I should begin by saying I am not a complete novice, that is to say I have some history of campaigning in elections, but have never taken on the role of a local campaign manager. My brother was a candidate for Newcastle North at this General election and so I had the opportunity to become more involved.
But what have I learnt from this experience as I reflect at the end of the campaign?
I could be really worthy and say it is a huge privilege to live in a democracy and be free to vote, it is. I could be flippant and say it was, at times, great fun, it was.
I could be optimistic and say it was a great opportunity. I could be pessimistic and say it was sometimes soul destroying. I could say it was always in the hope of a change in result, which didn’t happen.
Without doubt, it has been a joy to return to my home town which I left 29 years ago, but has never left me.
Generally the wit, humour and kindness of most of the folk I have encountered made it great fun as well as fascinating to be part of.
I will digress here and tell of two encounters with people who would no more jump off a cliff than vote for us. Firstly, “You’ll never get any votes round here, but don’t get cold pet, it’s freezing”.
Secondly, from a rather colourful lady outside Tesco’s “I hate all them, they’re all b******s.” I replied that wasn’t fair as it was my brother, to which she replied, “eeeeh pet I’m sure he’s lovely and all the best to you.”
I am painting a rosy picture. At times it’s hugely frustrating and actually it is really hard graft too. I found it hard to get business and organisations to talk to me. There are not many active association members (but those who are there are resilient and work their socks off) this makes the ground work hard going, but it has been a real pleasure to be a small part of their team. I also have new respect for postmen. Fundraising is a slog.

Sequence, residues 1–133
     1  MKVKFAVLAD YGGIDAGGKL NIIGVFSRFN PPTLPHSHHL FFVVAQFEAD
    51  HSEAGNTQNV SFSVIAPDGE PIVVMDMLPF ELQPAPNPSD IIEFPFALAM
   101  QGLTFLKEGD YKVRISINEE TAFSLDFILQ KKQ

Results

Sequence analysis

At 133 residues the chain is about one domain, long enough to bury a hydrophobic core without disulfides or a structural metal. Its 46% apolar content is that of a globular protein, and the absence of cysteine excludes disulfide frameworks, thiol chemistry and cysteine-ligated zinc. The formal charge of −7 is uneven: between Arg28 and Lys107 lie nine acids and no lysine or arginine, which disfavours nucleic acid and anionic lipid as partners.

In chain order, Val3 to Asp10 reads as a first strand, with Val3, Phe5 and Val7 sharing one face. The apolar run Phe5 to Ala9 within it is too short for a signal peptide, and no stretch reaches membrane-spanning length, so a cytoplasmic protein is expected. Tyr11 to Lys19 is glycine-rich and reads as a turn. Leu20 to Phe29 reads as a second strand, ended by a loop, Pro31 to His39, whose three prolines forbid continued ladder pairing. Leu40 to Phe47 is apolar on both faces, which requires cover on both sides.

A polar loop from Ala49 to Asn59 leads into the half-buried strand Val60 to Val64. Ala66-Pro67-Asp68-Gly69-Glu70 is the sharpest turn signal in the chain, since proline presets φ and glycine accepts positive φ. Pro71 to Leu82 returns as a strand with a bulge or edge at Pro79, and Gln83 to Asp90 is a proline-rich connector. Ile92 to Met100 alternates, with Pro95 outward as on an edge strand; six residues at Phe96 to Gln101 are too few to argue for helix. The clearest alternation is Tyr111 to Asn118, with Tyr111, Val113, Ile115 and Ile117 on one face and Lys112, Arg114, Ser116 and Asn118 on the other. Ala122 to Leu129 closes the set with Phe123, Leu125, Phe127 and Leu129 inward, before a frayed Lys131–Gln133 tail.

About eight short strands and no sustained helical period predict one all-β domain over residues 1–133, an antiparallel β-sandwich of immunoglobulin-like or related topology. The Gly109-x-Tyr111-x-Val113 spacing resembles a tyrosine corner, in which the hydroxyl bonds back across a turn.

I have no problem asking people for sponsor money or to donate to our local hospice but much harder to a political party.
I will be forever grateful to a small number of very special family and friends who supported the cause whatever their own political views, because it was me.
The press have a massive job to cover all the candidates in the North East and in a fair way, but it’s a nightmare getting on anyone’s radar. However I am nothing if not a talker, and was happy to talk to anyone I could!
My own personal highlight was going into the BBC in Newcastle and Made TV in Sunderland and seeing how some of it works. And so I have left this one until last for a reason, it is still horrid if someone is abusive to you.
Thankfully it hasn’t happened often but someone swearing at me or giving me the finger still, honestly, makes me want to cry (a political career?) I know it is invasive to a degree, stopping or calling on total strangers and engaging them in a discussion they would rather not have. So we take the rough with the smooth, smile, and trade war stories in the pub at lunch time to make it all better.
I’m aware I haven’t actually answered the question I posed at the start (ah-ha, the political instinct IS there). So let me organise my thoughts and try to make a list of what I have learnt:
Democracy is a privilege.
You do need thermal underwear campaigning in the North East in February.
Most people are totally bored out of their minds if you ask them about politics.
Smiling is good.
It is never a good idea to drink wine until 2.30am whilst planning the following day.
Proof read at least 3 times before you Facebook, tweet or add to the webpage (six times if you just did the last point).
Give thanks for amazing, supportive family.
I genuinely believe we can make things better (that might be a bit close to a previous election and is not intended to make you sing).
So in the end the result was a move up to second place, a modest increase in votes, but no change in the outcome.
However whether or not I made a difference to the result was only part of what this was about. Certainly it was to support my brother, but also that I genuinely believe that the freedom to campaign and express any political opinion is our right in a democracy.
If there is anything to be taken from my experiences, then don’t be afraid to get involved, as even without a guarantee of success you will learn much about the political process, your local and national issues and not least, yourself.
My thanks to:
Daughter no 1 who is unfortunate to be at university in the city, and was therefore co-opted in to help (but has been well fed and watered for her efforts).
Daughter no 2 who has put up with the TV always on the news channel, a mum attached to her I-pad and breezing off to Newark station with a “bye sweetie see you tomorrow” (I’ve turned into her dad)
And the Dad, who truly deserves a medal, who has been ready to floor the guy who slammed the door in my face, has rearranged his life to let me be in the North East so often, and who has never said “give it a rest” even though he was really entitled to at times.